Miriam J. Ramirez de Ferrer

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The ludicrous tactics and transparent motives of those who are spending hundreds of thousands of dollars to derail the Young Bill are sad and potentially tragic for the US residents of Puerto Rico and for the Republican National Party.

Their real intention is to preserve a constitutionally protected and sanctioned USA fiefdom, officially called the Commonwealth of Puerto Rico, whose absolute economic and political lords exercise domain, not only over our economic, political and social landscape, but also over the indentured employees tied to them. Those executives, directors, shareholders of Section 936 corporate welfare companies, and their professional overseers: lawyers, accountants, bankers and politicians, from now on will be referred by us as the "colonial fat cats".

The goal is to perpetuate the present colonial fat cats' commonwealth status, whose nearly half century of island dominance has bilked the US Treasury of billions of dollars in untaxed corporate profits for the corporate minions, without presenting economic or political benefits for the island's residents. To protect their interests, they spend millions upon millions in fees and salaries for their professional henchmen and millions in campaign funds for their political allies.

To fight against the Young Bill, they have formed alliances. One group is composed of the pro-Section 936 economic "colonial fat cats" who pour huge amounts of money into mysterious organizations such as Puerto Rico First, Free the Eagle, and others, to attack the Young Bill by denigrating our island and its residents. In a San Juan Star article of Nov. 15, 1997, pg. B37: "P.R. Must Wait 2 Years For Another Try At Tax Breaks", it's easy to come to the conclusion that their ultimate goal is to get the Democrats back in power in order to revive Section 936. They will go to any and all lengths to accomplish that feat.

The other group, the political "colonial fat cats", is composed of a well taken care bunch of local politicians who, with the help of some radical left wing ideologues, support and protect the "status quo" in the electoral arena. These officially belong to the Commonwealth party and are aligned politically with the DNC.

Both groups have joined forces to try and kill off the Young Bill. For this they have enlisted unscrupulous Republican lobbyists to prey upon Republicans with racist appeals in order to defeat the only piece of legislation in 100 years that offers our 3.8 million US citizens the opportunity to vote for self-determination.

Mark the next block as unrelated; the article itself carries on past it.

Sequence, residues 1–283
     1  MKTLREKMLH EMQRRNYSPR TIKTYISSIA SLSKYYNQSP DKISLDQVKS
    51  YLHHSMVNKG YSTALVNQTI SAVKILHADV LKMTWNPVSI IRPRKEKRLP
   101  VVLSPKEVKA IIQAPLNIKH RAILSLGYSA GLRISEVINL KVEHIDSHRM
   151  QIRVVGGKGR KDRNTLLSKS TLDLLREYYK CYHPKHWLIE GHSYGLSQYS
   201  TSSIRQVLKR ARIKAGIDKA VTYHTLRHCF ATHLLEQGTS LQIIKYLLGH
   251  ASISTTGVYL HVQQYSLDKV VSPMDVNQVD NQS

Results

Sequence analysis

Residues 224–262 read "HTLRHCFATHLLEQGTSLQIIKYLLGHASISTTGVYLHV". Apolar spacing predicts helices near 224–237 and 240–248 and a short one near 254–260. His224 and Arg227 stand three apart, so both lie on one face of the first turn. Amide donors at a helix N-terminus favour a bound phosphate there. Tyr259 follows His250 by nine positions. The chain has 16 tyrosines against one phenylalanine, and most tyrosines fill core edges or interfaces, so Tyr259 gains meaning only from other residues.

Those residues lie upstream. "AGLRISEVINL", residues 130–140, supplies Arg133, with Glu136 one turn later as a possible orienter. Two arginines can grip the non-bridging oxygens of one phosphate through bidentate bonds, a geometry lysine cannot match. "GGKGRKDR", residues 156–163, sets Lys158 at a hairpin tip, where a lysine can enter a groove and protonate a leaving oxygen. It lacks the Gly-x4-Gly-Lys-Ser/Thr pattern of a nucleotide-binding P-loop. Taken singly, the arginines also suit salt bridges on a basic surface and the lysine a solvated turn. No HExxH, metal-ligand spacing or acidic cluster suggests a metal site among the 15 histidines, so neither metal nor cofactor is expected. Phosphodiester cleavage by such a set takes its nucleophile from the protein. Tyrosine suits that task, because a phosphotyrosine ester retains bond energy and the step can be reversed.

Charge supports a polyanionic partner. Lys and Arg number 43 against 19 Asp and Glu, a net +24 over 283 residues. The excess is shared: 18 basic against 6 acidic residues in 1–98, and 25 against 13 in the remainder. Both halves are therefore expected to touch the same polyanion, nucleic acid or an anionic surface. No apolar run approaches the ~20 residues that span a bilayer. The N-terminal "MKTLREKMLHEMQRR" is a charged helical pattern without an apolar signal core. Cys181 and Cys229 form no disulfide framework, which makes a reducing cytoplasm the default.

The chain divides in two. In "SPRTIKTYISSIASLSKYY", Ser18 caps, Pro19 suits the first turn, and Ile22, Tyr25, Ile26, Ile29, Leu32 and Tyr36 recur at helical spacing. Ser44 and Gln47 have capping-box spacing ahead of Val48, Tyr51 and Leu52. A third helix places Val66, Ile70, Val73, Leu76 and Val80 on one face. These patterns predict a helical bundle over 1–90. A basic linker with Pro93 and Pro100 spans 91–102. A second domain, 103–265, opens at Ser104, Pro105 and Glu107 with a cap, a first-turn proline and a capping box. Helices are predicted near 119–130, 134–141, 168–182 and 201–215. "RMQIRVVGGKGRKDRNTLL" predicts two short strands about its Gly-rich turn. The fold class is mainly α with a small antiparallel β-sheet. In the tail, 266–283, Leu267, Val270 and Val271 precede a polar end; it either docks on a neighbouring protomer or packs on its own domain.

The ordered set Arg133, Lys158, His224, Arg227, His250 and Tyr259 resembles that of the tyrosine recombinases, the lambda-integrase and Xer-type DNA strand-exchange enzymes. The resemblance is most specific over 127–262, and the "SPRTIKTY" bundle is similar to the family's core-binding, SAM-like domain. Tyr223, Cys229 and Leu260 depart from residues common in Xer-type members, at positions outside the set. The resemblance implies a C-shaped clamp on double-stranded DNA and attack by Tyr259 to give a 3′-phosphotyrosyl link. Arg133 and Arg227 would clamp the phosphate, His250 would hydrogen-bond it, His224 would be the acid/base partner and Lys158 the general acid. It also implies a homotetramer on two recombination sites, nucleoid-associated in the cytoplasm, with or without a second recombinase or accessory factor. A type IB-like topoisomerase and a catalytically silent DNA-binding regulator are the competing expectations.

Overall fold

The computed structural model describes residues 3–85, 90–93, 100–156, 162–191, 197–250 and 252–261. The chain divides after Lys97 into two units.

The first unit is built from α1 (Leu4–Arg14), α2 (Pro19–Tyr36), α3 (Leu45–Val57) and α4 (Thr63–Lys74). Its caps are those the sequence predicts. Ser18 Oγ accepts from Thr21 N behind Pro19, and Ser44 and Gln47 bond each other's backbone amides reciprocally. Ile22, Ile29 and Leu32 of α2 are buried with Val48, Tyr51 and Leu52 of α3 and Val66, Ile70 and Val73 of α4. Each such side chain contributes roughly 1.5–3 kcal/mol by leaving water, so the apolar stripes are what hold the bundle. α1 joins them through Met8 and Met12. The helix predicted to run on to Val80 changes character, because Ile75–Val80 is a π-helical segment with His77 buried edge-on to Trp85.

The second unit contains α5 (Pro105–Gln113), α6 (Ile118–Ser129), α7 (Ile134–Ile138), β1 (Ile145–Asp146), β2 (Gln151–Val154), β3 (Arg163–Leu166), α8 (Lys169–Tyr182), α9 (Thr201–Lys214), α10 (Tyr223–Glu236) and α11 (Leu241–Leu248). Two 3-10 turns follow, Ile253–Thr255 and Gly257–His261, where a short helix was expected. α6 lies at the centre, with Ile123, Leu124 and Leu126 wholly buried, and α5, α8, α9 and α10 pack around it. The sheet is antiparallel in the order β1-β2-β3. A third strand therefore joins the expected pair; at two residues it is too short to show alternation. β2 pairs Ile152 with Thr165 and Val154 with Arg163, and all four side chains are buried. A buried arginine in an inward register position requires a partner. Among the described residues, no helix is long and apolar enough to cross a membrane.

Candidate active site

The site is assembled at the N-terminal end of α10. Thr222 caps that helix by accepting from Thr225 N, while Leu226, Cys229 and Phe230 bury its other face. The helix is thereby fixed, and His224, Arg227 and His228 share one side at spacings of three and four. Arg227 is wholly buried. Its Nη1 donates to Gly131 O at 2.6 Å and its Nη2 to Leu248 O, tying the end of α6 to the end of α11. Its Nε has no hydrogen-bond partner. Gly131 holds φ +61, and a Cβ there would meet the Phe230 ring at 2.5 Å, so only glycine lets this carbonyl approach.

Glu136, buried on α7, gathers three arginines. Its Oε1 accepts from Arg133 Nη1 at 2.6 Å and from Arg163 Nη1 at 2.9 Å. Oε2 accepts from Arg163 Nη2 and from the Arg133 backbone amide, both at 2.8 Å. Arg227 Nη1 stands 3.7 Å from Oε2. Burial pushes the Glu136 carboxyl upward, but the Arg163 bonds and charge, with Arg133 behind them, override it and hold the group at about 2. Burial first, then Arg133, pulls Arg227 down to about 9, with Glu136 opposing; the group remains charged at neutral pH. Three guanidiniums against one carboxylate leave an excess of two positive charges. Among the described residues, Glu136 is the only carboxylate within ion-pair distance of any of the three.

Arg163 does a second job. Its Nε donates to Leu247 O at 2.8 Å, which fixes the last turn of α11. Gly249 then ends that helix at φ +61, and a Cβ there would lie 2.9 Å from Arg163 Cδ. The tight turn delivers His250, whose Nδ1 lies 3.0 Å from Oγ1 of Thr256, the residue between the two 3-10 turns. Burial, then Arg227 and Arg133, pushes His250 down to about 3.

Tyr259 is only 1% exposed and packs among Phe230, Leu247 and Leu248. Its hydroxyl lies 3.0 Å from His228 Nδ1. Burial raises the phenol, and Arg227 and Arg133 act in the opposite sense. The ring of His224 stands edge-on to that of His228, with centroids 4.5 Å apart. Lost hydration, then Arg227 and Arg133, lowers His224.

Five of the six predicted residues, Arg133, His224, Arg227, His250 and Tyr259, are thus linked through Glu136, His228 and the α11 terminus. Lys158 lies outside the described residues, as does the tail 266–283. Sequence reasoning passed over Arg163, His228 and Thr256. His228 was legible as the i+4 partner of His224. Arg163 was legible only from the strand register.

The "commonwealth" supporters, who masquerade under the banner of patriotism and cultural purity, have historically denied economic opportunity to the lower income island residents. One of their actions was to pass legislation to eliminate the teaching of English in public schools. This allows them to continue their grip over the island, since they make sure their offspring are fluent in English by sending them to exclusive private schools.

Shameless, they have the gall to shout from the pages of Washington's newspapers that the Puerto Rico Commonwealth's failed 45 year record (for which the present commonwealth relationship is responsible), is reason enough to disqualify, what they describe as a "Spanish speaking welfare dependent, poverty stricken, crime infested territory rife with Molotov cocktail throwing radicals," from statehood consideration.

Should the architects of this libel be permitted to renew their license to pillage and plunder the island, its US citizens residents, the American taxpayer, and the IRS for years to come?

The right thing to do is to allow a fair vote that would overthrow the self-serving masters of Puerto Rico in favor of a democratic rule. A democratic rule that would re-direct Puerto Rico's resources toward economic and social programs benefiting our people and turning an American deficit account into a surplus.

However, it is difficult for this to happen so long as the entrenched "colonial fat cats" are permitted to go unchallenged in their costly self-serving campaign to portray their own deficiencies as endemic to the island, and potentially lethal to the mainland.